There are 4 Cave Temples at Badami, of which 3 are related to Hinduism and the last one is related to Jainism. As we proceeded inside Cave no. 1, after climbing the steps, we were amazed by her knowledge of Hindu Gods, Hindu mythology and the way she passionately narrated the story, depicted inside the Caves, left us truly impressed. At each step she would ask us if we had any question and she would answer each of them with lot of patience. She started with a Quiz and asked us why the place was known as Badami ……it was because of the color of the rocks that resembled almonds or badam.

The Puranas state the wicked asura Vatapi was killed by sage Agastya and hence the place was called Vatapi before it was renamed as Badami, after becoming the capital of the Chalukyan Empire between the 6th and 8th century. The caves are considered an example of rock-cut architecture, especially Badami Chalukya architecture, which dates back to the 6th century. The Badami cave temples are carved out of soft Badami sandstone on a hill cliff. The plan of each of the four caves includes an entrance with a verandah or “mukha mandapa” supported by stone columns and brackets, a distinctive feature of these caves, leading to a columned mandapa, or main hall (also maha mandapa), and then to the small, square shrine (sanctum sanctorum or garbha ghriya) cut deep inside the cave. The Cave Temples are linked by a stepped path with intermediate terraces overlooking the town and lake Agastya.

Cave no. 1 has the 18-armed dancing figure of Lord Shiva, depicting 81 Bharatanatyam poses, with Ganesha and Nandi dancing at his feet, was absolutely mind-blowing. Adjoining the Nataraja, the wall depicts Goddess Durga slaying the buffalo-demon Mahishasura. At the entrance, is a two handed doorman or “dwarapala”, who holds a trident and below him is a bull-elephant fused image where they share a head; seen from left it is an elephant and from right a bull. The cave has a carved sculpture of Harihara, a 8 foot tall sculpture of a fused image that is half-Shiva and half-Vishnu. He is flanked on respective sides with the Goddesses Parvati and Lakshmi. To the right, is a sculpture of “Ardhanarishvara”, a fused image of Shiva and his consort Parvati. Next to the half that represents Parvati is an attendant carrying a tray of jewels. Next to the “Ardhanarishvara” half that represents Shiva is Nandi the bull, and skeletal Bhringi, a devotee of Shiva. The 2 sons of Shiva, Ganesha and Kartikeya, the God of war and family deity of the Chalukya dynasty, are seen in one of the carved sculptures on the walls of the cave, with Kartikeya riding a peacock. The roof of the cave has Nagaraja, flying Gandharvas and carvings of lotuses. On the ceiling are images of the Vidyadhara couples as well as couples in courtship. In the mandapa is a seated Nandi facing the garbha ghriya or sacrum sanctum containing a Shiva linga.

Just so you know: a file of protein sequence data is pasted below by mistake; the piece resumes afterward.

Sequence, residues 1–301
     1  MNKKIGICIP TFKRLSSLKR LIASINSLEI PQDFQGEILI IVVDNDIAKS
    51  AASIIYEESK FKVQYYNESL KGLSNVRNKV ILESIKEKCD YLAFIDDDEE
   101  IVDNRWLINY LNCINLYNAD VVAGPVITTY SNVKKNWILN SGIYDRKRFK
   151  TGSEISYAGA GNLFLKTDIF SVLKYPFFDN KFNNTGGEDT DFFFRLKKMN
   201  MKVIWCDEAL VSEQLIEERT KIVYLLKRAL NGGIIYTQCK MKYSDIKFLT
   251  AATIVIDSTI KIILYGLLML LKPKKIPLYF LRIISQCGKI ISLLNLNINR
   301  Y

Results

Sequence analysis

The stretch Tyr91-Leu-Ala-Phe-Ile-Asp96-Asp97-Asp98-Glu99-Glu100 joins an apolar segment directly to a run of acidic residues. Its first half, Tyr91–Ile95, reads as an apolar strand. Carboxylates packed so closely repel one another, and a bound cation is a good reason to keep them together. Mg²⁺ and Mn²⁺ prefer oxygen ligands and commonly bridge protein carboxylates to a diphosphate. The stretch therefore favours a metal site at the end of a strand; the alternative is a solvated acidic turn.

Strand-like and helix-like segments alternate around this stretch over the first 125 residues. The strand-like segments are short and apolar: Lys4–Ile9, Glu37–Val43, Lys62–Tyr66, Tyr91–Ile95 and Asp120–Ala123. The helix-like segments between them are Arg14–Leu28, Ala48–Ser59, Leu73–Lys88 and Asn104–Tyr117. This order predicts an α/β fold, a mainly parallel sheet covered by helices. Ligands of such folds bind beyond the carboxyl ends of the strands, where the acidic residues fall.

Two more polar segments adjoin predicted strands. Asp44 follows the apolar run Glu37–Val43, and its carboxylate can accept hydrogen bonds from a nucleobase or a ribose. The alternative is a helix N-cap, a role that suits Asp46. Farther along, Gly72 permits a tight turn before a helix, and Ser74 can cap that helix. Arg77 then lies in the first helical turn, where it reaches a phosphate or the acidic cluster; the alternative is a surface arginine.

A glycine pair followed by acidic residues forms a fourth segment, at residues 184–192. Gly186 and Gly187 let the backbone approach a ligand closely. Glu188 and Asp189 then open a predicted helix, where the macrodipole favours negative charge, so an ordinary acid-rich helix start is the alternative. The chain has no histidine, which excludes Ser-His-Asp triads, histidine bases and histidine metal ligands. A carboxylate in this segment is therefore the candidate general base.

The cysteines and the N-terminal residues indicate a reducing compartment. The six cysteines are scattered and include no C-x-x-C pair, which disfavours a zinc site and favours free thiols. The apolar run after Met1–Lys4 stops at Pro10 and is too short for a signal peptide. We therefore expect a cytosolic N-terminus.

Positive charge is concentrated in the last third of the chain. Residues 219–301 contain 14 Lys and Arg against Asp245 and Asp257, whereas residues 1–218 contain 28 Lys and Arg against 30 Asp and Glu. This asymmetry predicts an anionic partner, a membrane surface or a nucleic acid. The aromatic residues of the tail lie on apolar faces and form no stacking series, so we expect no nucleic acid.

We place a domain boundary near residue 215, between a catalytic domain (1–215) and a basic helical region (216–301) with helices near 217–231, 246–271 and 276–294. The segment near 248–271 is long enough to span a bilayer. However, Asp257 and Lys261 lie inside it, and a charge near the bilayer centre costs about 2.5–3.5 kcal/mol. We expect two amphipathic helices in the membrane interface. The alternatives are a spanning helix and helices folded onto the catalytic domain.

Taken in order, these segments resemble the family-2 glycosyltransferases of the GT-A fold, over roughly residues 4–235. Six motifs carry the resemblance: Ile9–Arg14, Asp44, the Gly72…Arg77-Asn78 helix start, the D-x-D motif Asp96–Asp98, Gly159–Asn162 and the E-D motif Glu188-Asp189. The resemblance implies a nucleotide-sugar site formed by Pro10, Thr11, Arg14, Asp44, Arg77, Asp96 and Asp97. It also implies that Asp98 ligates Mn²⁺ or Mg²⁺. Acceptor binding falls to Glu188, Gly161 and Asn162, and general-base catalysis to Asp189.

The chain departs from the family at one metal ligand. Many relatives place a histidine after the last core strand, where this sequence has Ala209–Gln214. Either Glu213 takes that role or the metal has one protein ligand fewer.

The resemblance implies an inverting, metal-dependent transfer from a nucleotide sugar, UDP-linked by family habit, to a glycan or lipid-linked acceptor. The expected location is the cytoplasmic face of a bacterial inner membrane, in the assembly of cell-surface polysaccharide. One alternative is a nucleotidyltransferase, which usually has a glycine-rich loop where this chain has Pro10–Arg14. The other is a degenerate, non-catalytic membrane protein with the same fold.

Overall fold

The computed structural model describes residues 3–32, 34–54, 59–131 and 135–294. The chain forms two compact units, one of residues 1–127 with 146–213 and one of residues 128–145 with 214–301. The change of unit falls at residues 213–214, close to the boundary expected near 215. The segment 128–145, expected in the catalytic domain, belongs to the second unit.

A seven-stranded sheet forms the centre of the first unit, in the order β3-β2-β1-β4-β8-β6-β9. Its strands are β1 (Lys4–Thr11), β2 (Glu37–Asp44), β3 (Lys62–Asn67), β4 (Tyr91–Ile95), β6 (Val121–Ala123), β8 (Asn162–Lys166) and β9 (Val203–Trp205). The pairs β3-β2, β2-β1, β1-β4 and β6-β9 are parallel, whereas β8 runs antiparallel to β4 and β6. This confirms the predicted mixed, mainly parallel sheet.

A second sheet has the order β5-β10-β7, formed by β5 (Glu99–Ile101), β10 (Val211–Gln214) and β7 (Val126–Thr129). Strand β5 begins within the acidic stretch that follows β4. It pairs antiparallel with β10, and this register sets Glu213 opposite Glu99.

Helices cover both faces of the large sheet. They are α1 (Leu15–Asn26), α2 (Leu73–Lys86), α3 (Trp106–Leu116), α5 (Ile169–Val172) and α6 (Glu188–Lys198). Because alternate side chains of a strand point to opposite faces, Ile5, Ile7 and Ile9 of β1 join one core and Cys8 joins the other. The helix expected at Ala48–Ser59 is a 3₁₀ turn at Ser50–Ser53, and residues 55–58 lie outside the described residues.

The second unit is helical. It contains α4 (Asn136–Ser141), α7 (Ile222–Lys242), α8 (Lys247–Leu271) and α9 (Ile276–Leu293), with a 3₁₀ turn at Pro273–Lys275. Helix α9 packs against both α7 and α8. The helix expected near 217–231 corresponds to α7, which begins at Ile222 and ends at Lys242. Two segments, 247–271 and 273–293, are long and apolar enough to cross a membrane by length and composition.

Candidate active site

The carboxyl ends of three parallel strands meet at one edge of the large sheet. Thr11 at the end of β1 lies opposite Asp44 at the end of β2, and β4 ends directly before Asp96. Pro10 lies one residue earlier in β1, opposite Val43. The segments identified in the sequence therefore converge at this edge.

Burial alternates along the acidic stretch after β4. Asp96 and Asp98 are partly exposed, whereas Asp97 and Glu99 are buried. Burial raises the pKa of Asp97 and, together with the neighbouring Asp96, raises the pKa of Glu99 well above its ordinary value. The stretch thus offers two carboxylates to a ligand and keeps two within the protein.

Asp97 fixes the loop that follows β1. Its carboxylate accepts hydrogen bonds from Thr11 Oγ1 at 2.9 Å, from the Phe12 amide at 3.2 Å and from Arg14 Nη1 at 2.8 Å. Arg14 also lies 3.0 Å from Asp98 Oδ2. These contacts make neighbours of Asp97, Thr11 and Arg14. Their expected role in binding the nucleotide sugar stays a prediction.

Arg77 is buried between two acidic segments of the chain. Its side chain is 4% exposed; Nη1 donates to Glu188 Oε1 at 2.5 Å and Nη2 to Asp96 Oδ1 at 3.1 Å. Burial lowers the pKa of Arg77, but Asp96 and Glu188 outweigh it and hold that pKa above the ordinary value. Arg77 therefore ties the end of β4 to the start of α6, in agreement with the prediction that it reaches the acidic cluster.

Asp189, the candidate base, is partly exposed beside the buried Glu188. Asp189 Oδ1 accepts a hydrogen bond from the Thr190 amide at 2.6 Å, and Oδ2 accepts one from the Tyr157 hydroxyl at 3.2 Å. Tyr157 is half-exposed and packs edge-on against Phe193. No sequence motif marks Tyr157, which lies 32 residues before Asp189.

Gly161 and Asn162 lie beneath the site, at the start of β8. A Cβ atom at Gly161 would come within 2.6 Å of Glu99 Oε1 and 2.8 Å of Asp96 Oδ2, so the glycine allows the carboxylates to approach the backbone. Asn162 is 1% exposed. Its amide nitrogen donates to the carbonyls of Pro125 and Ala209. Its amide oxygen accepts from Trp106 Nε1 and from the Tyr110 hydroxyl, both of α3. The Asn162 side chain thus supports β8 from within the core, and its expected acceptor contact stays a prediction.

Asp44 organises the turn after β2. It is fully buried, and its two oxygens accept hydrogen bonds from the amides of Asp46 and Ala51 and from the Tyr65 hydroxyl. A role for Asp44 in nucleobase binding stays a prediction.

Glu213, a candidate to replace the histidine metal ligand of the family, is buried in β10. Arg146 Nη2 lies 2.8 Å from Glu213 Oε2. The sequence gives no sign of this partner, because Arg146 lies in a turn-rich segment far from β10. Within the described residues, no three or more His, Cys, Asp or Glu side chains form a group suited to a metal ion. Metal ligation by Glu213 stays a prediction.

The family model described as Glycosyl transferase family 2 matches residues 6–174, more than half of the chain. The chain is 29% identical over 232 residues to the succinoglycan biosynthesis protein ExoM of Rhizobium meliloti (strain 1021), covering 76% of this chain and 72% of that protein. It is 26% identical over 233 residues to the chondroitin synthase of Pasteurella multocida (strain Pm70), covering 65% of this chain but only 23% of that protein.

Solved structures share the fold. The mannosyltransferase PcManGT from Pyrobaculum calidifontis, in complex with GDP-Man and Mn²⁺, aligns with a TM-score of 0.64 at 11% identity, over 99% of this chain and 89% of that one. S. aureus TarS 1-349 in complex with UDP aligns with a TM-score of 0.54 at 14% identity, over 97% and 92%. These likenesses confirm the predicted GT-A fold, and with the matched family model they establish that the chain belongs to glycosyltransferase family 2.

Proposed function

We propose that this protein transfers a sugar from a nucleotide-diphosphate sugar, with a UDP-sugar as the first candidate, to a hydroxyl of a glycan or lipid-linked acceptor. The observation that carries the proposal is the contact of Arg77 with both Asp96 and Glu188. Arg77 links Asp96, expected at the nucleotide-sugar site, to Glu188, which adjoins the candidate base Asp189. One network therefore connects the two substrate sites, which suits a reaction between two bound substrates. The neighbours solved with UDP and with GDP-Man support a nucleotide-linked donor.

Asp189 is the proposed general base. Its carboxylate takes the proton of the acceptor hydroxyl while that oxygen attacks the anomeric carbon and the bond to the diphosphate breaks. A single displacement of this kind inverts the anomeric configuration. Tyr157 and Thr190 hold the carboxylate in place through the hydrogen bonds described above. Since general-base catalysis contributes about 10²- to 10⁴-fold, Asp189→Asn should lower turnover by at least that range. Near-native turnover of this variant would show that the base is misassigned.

Cave no. 2 depicts the legend of Vishnu in his Trivikrama form, taking one of the three steps. Below the raised step is a sculpture showing the legend of Vamana avatar of Vishnu, before he morphs into the Trivikrama form. Another sculpture shows the legend of Vishnu in his Varaha (a boar) avatar rescuing Goddess Earth or Bhudevi from the depths of cosmic ocean, with a penitent multi-headed Naga snake below. The walls and ceiling have traces of colored paint, suggesting the cave used to have fresco paintings. Inside the temple are sculptures showing stories from the Bhagavata Purana ; the legend of Samudra Manthan or ocean churning ; Krishna’s birth and flute playing indicating the theological and cultural significance of these in 7th century India. The ceiling and door head carvings show Gajalakshmi, the swastika symbols, flying couples, Brahma, Vishnu asleep on Shesha and others. The fat dwarfs cavorting on the plinths, with distinctly curly hair, reveal a Greek influence. The ceiling of Cave 2 shows a wheel with sixteen fish spokes in a square frame. The end bays have a flying couple and Vishnu on Garuda. The main hall in the cave is supported by eight square pillars in two rows. The sculptures of Cave no. 2, like Cave no. 1, are of the northern Deccan style of the 6th and 7th century similar to that found in Ellora caves in Northern Maharashtra.